"Woodpeckers", "Olancho" and "Now En Español" Successes

Posted by on September 15, 2017


 Image Credit: Outsider Pictures

Woodpeckers (Carpinteros) by José María Cabral, Award Recipient for the 2017 Latino Media Fest - Best Latin American Film - received praise from The New York Times. The N.Y. Times points to poignant cinematography that parallel the film's claustrophobia and the perfect chemistry between the film's characters. Writer Andy Websiter accurately represents as such as "the lean handsomeness and quiet authority of Mr. Jean is a perfect complement to Ms. Rodríguez’s passionate Yanelly."

José María Cabral will receive his award at the 2017 Latino Media Fest for his film, Woodpeckers, and you can pick up your pass here.   



Directors and Producers, Chris Valdes and Ted Griswold, continue to earn success with their film, Olancho

Manuel, a farmer from Olancho, Honduras, seeks fame by making music for the region's drug cartels. When some of his song lyrics get him in trouble, Manuel must make the most difficult decision of his life: continue the quest for fame or flee.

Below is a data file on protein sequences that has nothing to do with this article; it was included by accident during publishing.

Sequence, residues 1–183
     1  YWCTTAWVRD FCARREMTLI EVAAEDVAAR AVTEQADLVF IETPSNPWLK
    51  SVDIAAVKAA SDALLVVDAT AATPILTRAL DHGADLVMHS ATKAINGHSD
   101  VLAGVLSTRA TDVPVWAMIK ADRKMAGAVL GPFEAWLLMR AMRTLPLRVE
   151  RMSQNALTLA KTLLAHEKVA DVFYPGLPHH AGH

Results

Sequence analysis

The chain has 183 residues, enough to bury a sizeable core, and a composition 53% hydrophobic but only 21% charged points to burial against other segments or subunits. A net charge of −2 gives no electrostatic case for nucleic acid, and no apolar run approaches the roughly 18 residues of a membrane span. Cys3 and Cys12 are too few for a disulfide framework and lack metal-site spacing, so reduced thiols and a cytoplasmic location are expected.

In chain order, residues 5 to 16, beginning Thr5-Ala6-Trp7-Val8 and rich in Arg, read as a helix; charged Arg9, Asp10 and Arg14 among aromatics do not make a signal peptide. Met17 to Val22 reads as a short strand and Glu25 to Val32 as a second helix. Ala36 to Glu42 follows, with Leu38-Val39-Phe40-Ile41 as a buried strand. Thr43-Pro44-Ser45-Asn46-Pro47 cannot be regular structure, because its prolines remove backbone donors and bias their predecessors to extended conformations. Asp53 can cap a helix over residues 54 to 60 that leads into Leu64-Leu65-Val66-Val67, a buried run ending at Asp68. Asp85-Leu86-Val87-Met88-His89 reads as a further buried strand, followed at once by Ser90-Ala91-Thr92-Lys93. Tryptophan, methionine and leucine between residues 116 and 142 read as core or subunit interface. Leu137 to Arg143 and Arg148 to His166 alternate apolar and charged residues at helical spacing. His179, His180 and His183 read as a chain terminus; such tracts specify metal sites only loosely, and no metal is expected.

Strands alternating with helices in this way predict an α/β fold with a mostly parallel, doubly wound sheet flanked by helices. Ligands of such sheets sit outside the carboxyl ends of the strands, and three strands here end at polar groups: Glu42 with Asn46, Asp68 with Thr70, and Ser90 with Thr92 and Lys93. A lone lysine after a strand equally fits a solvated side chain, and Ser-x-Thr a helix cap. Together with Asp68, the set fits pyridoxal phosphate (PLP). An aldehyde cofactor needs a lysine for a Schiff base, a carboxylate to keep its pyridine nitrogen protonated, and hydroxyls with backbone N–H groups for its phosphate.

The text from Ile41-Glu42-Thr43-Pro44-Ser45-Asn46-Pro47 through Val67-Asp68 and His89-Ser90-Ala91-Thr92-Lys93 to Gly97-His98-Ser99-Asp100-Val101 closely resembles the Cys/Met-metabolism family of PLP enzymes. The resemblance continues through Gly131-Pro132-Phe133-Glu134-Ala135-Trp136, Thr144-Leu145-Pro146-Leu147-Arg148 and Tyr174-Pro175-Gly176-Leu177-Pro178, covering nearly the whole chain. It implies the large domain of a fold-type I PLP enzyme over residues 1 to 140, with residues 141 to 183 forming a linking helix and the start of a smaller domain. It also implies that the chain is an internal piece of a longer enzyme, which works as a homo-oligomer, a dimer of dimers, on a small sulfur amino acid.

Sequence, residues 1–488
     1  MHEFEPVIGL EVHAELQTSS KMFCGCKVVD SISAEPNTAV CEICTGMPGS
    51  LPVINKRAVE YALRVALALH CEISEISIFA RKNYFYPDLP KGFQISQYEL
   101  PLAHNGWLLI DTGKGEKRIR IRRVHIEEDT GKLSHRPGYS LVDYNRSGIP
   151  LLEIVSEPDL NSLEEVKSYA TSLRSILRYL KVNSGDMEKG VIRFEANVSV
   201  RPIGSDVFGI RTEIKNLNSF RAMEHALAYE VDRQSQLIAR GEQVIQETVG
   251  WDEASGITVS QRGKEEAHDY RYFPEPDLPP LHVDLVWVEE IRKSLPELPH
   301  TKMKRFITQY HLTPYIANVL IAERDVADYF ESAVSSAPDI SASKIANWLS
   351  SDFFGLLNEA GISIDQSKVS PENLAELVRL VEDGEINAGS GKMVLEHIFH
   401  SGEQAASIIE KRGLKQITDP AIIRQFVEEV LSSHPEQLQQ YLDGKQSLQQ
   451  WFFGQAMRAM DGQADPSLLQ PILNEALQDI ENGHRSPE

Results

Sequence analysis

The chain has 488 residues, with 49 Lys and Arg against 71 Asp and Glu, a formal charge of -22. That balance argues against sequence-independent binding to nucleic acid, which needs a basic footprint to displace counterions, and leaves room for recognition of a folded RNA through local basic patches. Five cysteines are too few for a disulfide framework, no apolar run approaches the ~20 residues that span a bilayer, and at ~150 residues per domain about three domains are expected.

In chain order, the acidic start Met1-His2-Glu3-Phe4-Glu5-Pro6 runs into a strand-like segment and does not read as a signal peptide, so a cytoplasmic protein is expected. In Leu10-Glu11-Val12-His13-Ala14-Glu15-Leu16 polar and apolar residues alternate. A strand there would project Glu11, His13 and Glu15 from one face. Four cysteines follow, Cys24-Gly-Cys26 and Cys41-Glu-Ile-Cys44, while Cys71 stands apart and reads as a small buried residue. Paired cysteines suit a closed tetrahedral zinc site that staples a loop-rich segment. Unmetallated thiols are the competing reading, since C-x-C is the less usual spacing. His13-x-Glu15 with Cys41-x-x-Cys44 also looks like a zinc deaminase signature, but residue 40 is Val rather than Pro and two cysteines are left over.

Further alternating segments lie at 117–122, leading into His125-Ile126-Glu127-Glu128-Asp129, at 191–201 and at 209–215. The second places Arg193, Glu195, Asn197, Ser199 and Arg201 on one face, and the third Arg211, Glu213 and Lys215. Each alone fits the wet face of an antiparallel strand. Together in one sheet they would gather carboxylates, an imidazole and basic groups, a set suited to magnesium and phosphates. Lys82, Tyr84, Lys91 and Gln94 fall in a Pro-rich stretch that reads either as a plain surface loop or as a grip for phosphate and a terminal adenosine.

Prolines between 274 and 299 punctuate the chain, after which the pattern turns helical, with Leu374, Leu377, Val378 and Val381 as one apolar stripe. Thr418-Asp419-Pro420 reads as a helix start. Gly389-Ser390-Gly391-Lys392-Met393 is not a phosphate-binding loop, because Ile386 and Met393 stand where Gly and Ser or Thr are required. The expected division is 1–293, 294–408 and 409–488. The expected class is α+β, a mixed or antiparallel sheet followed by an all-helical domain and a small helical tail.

Olancho was honored with the Best Documentary Feature award at the Nevada City Film Festival last week. The film will continue to be screened at over half a dozen festivals this fall alone. Olancho will make its international premiere at the Vienna International Film Festival in Austria and its Latin America premiere at the DocsMX in Mexico City. 

You can keep up-to-date with the film's continued success at the official film website here


Long time NALIP member Andrea Meller to screen "Now En Español", at the Egyptian Theatre in Los Angeles on September 19th. Meller's documentary is all about improving Latinx media representation. The film, pulling back the curtain on one of Hollywood’s lesser-known communities, "Now En Español" presents a whimsical and entertaining portrait of the lives and careers of the five dynamic Latina actresses who dub “Desperate Housewives” into Spanish for American audiences.

By making these voice actresses visible as they fight for a more diverse portrayal of themselves, "Now En Español" redefines the idea of what America looks and sounds like.